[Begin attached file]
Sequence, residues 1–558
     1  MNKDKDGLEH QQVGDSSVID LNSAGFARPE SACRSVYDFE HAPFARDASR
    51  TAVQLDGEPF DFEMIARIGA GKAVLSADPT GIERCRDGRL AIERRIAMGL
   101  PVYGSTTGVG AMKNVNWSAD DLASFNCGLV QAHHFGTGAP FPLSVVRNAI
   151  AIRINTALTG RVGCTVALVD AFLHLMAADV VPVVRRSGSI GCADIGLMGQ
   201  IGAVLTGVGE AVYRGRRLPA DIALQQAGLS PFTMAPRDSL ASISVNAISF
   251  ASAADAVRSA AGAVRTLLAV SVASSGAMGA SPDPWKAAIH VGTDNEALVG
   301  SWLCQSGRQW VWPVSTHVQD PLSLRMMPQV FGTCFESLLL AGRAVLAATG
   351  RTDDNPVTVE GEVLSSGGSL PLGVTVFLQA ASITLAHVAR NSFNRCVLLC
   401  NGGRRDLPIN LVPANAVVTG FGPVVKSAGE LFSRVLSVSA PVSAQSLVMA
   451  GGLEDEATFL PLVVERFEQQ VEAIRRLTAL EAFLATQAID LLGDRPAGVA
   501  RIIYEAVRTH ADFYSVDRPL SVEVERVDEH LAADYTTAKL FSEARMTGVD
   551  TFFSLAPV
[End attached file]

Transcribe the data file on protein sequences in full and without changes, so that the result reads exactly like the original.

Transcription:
Sequence, residues 1–558
     1  MNKDKDGLEH QQVGDSSVID LNSAGFARPE SACRSVYDFE HAPFARDASR
    51  TAVQLDGEPF DFEMIARIGA GKAVLSADPT GIERCRDGRL AIERRIAMGL
   101  PVYGSTTGVG AMKNVNWSAD DLASFNCGLV QAHHFGTGAP FPLSVVRNAI
   151  AIRINTALTG RVGCTVALVD AFLHLMAADV VPVVRRSGSI GCADIGLMGQ
   201  IGAVLTGVGE AVYRGRRLPA DIALQQAGLS PFTMAPRDSL ASISVNAISF
   251  ASAADAVRSA AGAVRTLLAV SVASSGAMGA SPDPWKAAIH VGTDNEALVG
   301  SWLCQSGRQW VWPVSTHVQD PLSLRMMPQV FGTCFESLLL AGRAVLAATG
   351  RTDDNPVTVE GEVLSSGGSL PLGVTVFLQA ASITLAHVAR NSFNRCVLLC
   401  NGGRRDLPIN LVPANAVVTG FGPVVKSAGE LFSRVLSVSA PVSAQSLVMA
   451  GGLEDEATFL PLVVERFEQQ VEAIRRLTAL EAFLATQAID LLGDRPAGVA
   501  RIIYEAVRTH ADFYSVDRPL SVEVERVDEH LAADYTTAKL FSEARMTGVD
   551  TFFSLAPV